The Maritime History of the Great Lakes
British Whig (Kingston, ON), 23 Apr 1906

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p.1 Steamer Released - Sault Ste. Marie, Mich., April 23rd - The Canadian steamer Donnacona, stranded near the Soo, was released on Sunday, after lightering five thousand bushels of her grain cargo. The steamer was uninjured and proceeded on her voyage. The steamer Zimmerman, sunk by collision with the Saxona, is still on the bottom. It is expected that a contract will be let within a day or two for raising her.

Many Passed Detroit - Detroit, April 23rd - Between ten o'clock on Saturday night, and nine o'clock on Sunday night, nearly 100 vessels passed Detroit, an unusually large number for this time of the season. The upward bound and downward bound were about equally divided. Among the down-bound were the Corey and the Ellwood, both of which were victims of the big storm last November on Lake Superior.


Another Accident by Gas Buoy Blowing Up.

Parry Sound, April 23rd - By an explosion of an acetylene gas buoy, in the ship channel, ten miles from here, Captain Arthur Clarke was killed and blown to pieces last night. The cause of the explosion has not yet been ascertained. The tug Pilot, from which the work of filling the buoy was being done, was so seriously damaged that she sunk before reaching shore. All the rest of the crew escaped uninjured.

p.2 Incidents of the Day - While helping to unload pumps from the lighter Grantham, Capt. Louis Thibadeau had a portion of the large finger of the left hand cut off.


Swift's wharf: steamer Aletha, Picton and bay ports.

The schooner Marshall is loading stone at the penitentiary wharf for Cobourg.

The long wharf at Little Sandy Bay on the Hallowell and Athol divide, has been removed.

The much-talked-of ferry on Hay Bay has become a reality; Woodcock's ferry is running every day of the week.

At Picton difficulties have arisen about the ice shipments, and several boats in the harbor have not yet left with their cargoes.

The steamer Gordon Campbell lef the government dry dock yesterday afternoon. She went up to Belleville to load cement for Fort William.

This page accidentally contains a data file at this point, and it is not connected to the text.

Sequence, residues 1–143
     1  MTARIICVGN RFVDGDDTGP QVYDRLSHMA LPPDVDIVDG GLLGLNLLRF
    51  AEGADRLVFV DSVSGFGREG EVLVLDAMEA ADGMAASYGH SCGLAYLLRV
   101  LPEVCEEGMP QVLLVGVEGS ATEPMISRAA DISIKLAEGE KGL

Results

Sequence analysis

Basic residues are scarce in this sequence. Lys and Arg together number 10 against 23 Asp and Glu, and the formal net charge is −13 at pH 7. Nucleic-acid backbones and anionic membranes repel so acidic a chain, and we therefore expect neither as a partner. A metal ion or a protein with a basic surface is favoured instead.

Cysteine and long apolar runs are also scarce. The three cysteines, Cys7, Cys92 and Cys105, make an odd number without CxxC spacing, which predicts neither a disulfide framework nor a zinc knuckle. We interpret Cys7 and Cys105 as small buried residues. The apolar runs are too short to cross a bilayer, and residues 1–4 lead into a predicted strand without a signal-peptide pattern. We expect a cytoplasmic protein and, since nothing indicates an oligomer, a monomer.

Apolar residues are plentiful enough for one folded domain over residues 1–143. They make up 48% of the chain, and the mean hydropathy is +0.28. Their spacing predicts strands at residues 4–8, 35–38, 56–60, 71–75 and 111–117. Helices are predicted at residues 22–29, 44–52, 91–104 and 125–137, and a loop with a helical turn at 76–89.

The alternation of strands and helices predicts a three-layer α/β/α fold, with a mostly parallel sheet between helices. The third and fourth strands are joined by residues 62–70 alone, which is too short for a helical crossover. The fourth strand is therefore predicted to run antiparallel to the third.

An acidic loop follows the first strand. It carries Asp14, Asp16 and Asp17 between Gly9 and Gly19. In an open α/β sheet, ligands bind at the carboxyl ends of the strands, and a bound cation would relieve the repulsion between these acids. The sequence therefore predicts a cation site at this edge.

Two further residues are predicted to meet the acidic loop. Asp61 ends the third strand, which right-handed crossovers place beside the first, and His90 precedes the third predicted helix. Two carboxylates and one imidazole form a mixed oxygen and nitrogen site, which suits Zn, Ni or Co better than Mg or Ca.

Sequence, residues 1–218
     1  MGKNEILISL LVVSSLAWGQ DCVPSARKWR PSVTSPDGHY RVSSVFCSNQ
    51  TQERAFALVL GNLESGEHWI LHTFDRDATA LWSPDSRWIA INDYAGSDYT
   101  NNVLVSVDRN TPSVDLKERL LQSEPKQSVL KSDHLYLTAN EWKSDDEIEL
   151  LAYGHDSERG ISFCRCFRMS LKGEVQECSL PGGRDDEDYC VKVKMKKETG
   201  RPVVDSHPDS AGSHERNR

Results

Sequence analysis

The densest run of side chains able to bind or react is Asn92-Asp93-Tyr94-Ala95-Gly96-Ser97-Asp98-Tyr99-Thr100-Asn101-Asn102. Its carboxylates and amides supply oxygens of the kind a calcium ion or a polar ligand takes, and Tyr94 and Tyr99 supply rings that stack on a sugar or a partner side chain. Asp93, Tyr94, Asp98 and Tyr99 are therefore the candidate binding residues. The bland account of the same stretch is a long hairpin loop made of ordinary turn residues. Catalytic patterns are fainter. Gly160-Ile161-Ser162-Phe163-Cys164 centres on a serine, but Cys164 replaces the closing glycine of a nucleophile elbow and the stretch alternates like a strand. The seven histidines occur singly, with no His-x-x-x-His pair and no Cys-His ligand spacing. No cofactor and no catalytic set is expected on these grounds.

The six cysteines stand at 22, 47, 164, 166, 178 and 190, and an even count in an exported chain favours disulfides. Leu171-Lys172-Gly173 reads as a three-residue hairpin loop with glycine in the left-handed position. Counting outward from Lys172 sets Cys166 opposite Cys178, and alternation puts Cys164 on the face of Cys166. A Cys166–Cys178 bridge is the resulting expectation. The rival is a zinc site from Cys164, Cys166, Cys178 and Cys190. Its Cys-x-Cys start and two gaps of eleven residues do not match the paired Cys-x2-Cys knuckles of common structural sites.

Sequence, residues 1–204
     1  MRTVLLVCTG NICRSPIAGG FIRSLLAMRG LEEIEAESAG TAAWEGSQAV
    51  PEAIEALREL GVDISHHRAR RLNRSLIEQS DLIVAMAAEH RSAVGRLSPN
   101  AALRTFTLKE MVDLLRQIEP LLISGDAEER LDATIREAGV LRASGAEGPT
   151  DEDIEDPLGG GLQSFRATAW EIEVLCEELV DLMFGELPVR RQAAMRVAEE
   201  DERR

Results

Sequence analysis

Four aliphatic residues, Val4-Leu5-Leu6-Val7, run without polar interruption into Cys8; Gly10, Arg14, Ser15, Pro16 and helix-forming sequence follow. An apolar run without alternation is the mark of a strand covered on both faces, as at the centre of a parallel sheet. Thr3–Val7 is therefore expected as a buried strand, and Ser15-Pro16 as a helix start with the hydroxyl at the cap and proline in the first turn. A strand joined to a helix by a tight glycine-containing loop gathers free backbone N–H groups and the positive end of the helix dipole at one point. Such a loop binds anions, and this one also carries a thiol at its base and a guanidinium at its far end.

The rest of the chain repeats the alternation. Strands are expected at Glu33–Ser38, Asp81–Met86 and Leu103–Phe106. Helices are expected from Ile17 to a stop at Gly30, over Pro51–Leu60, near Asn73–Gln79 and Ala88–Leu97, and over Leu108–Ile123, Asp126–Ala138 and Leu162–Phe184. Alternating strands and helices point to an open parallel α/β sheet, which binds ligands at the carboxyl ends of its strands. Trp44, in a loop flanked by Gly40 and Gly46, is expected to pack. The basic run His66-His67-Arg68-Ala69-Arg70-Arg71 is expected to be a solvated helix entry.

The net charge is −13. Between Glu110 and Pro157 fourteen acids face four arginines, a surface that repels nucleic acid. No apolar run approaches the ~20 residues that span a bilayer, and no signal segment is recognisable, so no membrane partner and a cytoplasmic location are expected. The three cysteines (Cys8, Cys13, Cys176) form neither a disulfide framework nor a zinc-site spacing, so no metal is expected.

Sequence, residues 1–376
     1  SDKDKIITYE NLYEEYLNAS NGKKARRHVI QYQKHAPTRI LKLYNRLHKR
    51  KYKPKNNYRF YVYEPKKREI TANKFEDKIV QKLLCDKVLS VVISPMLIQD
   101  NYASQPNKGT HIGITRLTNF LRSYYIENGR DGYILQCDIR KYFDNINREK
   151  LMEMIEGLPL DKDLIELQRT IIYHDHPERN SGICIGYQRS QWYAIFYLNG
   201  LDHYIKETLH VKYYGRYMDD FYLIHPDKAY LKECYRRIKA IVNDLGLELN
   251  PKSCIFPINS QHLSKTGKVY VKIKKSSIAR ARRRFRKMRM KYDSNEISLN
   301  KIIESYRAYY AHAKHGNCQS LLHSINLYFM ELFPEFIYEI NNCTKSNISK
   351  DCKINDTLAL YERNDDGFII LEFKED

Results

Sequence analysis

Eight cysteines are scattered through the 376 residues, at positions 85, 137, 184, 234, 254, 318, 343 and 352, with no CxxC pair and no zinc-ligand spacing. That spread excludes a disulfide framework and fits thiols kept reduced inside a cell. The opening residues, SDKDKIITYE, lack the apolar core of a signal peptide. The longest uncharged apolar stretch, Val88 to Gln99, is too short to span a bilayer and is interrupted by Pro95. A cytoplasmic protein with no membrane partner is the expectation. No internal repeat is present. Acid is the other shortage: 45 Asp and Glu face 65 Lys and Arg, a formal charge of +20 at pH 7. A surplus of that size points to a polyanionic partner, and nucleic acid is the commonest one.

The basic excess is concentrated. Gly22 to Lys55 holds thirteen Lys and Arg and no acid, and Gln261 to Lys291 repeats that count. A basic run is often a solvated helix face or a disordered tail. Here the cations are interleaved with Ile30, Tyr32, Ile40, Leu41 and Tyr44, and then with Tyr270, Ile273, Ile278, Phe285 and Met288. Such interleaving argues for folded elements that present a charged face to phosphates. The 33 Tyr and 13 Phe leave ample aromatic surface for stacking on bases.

F.G. Henderson, engineer of the tug Mary, lately purchased by the M.T. Company, has gone to Ogdensburg to fit out that vessel.

M.T. company wharf: steamer Marshall from Duluth, with 90,000 bushels of barley and rye; steamer Advance cleared for Montreal with grain.

Peter Cavanagh, of Perth, is fitting out a barge to ply on the Rideau this season. He intends to embark in the freight business as well as the passenger and excursion traffic. For the latter he will use the yacht Aileen.

The steamer Picton will be the first boat of the R. & O. Navigation company on the Hamilton and Montreal line to leave Toronto, April 30th; Hamilton the next morning for Toronto and Montreal. The time-table has been altered to give passengers a better opportunity to view the scenery along the eastern end of Lake Ontario.

The steamer Argyle will be on hand about the middle of May, prepared for her customary trips on the north shore of the lake. Preparations are being made for the coming season's work, scrubbing, painting, fitting up and general overhauling of machinery. She makes daily runs between Toronto and Colborne. John Hazlett, the genial manager, leaves no stone unturned to have everything on his steamer in perfect order.



To Raise the Sunken Steamer Zimmerman.

The Donnelly Wrecking company, of this city, has received the contract to raise the steamer Zimmerman, which sank last Thursday in a collision with the steamer Saxona, at the head of St. Joseph's Island, in the Soo river. Capt. Thomas Donnelly signed the contract in Buffalo, and returned here this morning. This afternoon, John Donnelly left for Sault Ste. Marie with the company's divers. Pumps and other outfit will go up on one of the M.T. company's boats. The steamer Zimmerman has 10,000 tons of coal. A marine man at the Soo says she has the largest hole stove in her that he has seen in twenty-five years' experience as a wrecker. The Donnelly company will deliver the steamer at the Soo, and when she is unloaded, take her to her port of destination.

p.7 Affects Montreal Shipping - Montreal, April 23rd - A severe blow has been dealt Montreal trade interests by the decision of the Great Lakes & St. Lawrence Transportation company to use in future American ports, via Buffalo and the Erie canal, instead of Montreal. The Company generally known as the Wolvin line, has the largest fleet of grain carriers between Montreal and the west, and heretofore has shipped through Montreal. Owing, it is said, to the large charges for handling grain at this port, they will no longer use it, but go to better equipped American ports, such as Poston and Philadelphia.

Cape Vincent, April 21st - ....Last year about 12,000 cords of pulp wood, from the vicinity of Quebec, was boated to this port for the Penecost company. The company has a large plant at this place, and expect its business will be largely increased the coming year.

p.8 News of the World - The body of a woman found on the beach near Stoke's Bay, is believed to be that of Mrs. Laflamme, cook on the steamer Kaliyuga, which foundered last fall.

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23 Apr 1906
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  • Ontario, Canada
    Latitude: 44.22976 Longitude: -76.48098
Rick Neilson
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Public domain: Copyright has expired according to the applicable Canadian or American laws. No restrictions on use.
Maritime History of the Great Lakes
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British Whig (Kingston, ON), 23 Apr 1906